Plight of the Humble Bee by Richard Key

Richard Key is the 1st place winner of Streetlight Magazine‘s 2020 Essay/Memoir Contest

Honeybees are swarming outside my home office under the eaves of the roofline. I would say they are hovering like tiny drones, except they probably are tiny drones. They seem very interested in a certain corner of the house. I’m afraid I’ll get stung if I investigate too much, but I know exactly what they’re up to. Six years ago we had a similar problem and called in a “bee man” who opened up that same space, vacuumed them out with a hose, and took them away somewhere. He sealed the space up, put down some kind of insecticide to discourage them, and guaranteed they would never come back. He said if they ever do come back to call him, and he would repeat the job for free. I wrote all this down in a journal because, in my jaded experience, guarantees are as rare as bee teeth.

“I got out of the bee business,” he tells me on the phone, after I spend an hour digging up his name and number from my disorganized archives. “Got to be too many regulations. The legislature passed some laws to protect the honeybee, and, well, it just got too involved. Had to get liability insurance, and that’s really what done it. Too expensive.”

He gives me some other names to try, and I find a man who’s still in the business. He charges three times what the other guy did. I tell him about the first bee man’s guarantee. “Well, those bees leave pheromones behind,” he says. “If one of the scout bees detects that chemical, it will report back to the hive and recruit others to take a look. They’ll do whatever it takes to find a way back to where that scent is coming from. Somehow they found an opening back inside, and each bee is going in to help build the comb.” He never directly says he won’t honor the other man’s guarantee, but we both know that isn’t going to happen.

Photo of group of honeybees
Honeybees by Paul Rollings. CC license.

We actually had our first bee infestation something like ten years ago in a different part of the house. It became apparent when honey started dripping from the ceiling downstairs, far away from the cupboard where we keep a jar of commercial honey. It seems like some advanced bee-brain would leave a little pheromone behind telling future generations that things ultimately won’t work out here. But explorers and entrepreneurs are hard to discourage. Why do people build in the floodplain and around active volcanoes? It’s not for the peace of mind and the competitive insurance rates.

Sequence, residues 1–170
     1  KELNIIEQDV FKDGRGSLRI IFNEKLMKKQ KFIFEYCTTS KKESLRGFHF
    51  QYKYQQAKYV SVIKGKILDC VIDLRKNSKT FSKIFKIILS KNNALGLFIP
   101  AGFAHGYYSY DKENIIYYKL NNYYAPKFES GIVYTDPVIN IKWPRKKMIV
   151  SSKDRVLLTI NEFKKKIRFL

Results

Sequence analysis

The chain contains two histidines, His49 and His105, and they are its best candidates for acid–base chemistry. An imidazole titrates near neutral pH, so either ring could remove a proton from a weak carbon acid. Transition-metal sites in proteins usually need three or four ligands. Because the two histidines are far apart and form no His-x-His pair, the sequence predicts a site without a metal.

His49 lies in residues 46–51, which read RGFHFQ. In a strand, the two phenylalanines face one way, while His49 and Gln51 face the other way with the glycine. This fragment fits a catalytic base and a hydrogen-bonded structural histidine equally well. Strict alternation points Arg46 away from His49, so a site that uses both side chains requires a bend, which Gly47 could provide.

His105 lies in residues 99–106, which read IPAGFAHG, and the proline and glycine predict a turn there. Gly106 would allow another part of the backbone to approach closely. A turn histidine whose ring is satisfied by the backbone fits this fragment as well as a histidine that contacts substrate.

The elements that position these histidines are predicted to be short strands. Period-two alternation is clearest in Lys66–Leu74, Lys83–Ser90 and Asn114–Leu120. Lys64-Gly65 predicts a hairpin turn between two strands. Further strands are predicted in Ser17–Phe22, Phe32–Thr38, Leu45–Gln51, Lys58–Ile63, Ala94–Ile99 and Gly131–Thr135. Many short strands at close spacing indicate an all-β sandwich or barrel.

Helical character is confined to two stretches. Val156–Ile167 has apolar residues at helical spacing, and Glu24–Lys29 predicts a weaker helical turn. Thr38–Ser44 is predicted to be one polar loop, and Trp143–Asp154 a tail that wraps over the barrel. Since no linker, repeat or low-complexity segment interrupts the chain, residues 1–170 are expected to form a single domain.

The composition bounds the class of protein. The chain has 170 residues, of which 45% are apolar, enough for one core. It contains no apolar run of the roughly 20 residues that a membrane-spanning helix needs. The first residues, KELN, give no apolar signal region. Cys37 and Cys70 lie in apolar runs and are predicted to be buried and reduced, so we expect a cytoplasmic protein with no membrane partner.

As my wife and I wait for the new bee man to arrive, I come across an article about wasps and bees in a medical journal and read aloud to her.

“It says here that the stinging apparatus of bees and wasps is really a modified ovipositor. So it’s only the females that sting. Sort of like only the female mosquito sucks blood and spreads disease.” I pause to let that sink in. “There seems to be some sort of pattern.”

“Like, only the female is capable of risking everything for the family,” she counters, “sacrificing her very life, if necessary, for the well-being of the group?”

“Yeah, something like that. Sugar and spice and everything nice.”

“What’s that?”


Bee culture is bizarre in so many ways. Somehow, certain genes can be activated to create more workers, more drones, or another queen, as needed. Drones have half the number of chromosomes the other bees have since they have no paternal input of genetic material. They have no father, in other words. Drones exist only to mate with the queen. They swarm around the queen, and if selected, they copulate in mid-flight, after which they immediately perish because their “apparatus” remains attached to the queen. But they don’t sting humans. Only the lady bees do that.

I found out a few years ago that I’m allergic to yellow jackets. The last reaction I had caused my whole arm to swell up and itch. It looked like a balloon in Macy’s Thanksgiving Day parade. I wrote GOODYEAR on the inside of my elbow. I’m not so wary of honeybees, but this article says systemic allergic reactions are more likely with honeybee stings than with yellow jacket stings. Africanized bees, aka killer bees, are more aggressive and tend to attack in swarms, but the venom is essentially the same as regular honeybees.

Closeup photo of honeycomb
Honeycomb by Prilfish. CC license.

Those most maligned of insects, killer bees found themselves on the ever growing list of nature’s boogeymen. Let’s see, there’s also imported fire ants, brown marmorated stinkbugs, Formosan subterranean termites, “crazy” ants, tobacco-chewing spit beetles, and gossip-addicted June bugs. They’re in Texas. They’ve been spotted in the state next to yours. They’re headed north. There’s nothing we can do to stop them. We’re doomed.

The bee man finishes the job in a couple of hours, scraping out about forty pounds of honeycomb and related sticky mess which he puts into a garbage bag. To discourage future settlements, he sprays insecticide and insulating foam into the space and seals the wooden panel securely on the outside. For a couple of days afterwards, confused and disappointed stragglers continue to fly about trying to figure out what to do with the remainder of their destroyed lives.

The bee man says he’s worried that there might be more hive somewhere else since he didn’t identify larvae in this part, suggesting that the queen might be elsewhere—maybe Balmoral castle. So, like any decent sci-fi story, there’s a chance the menace could return. If it does, we’ll have to face it bravely, as usual, with no guarantees.

Richard Key
Richard Key was born in Jacksonville, Fla., grew up in Mississippi, and currently lives with his wife in Alabama. He is a part-time pathologist, and has been writing short stories and essays for about twelve years.

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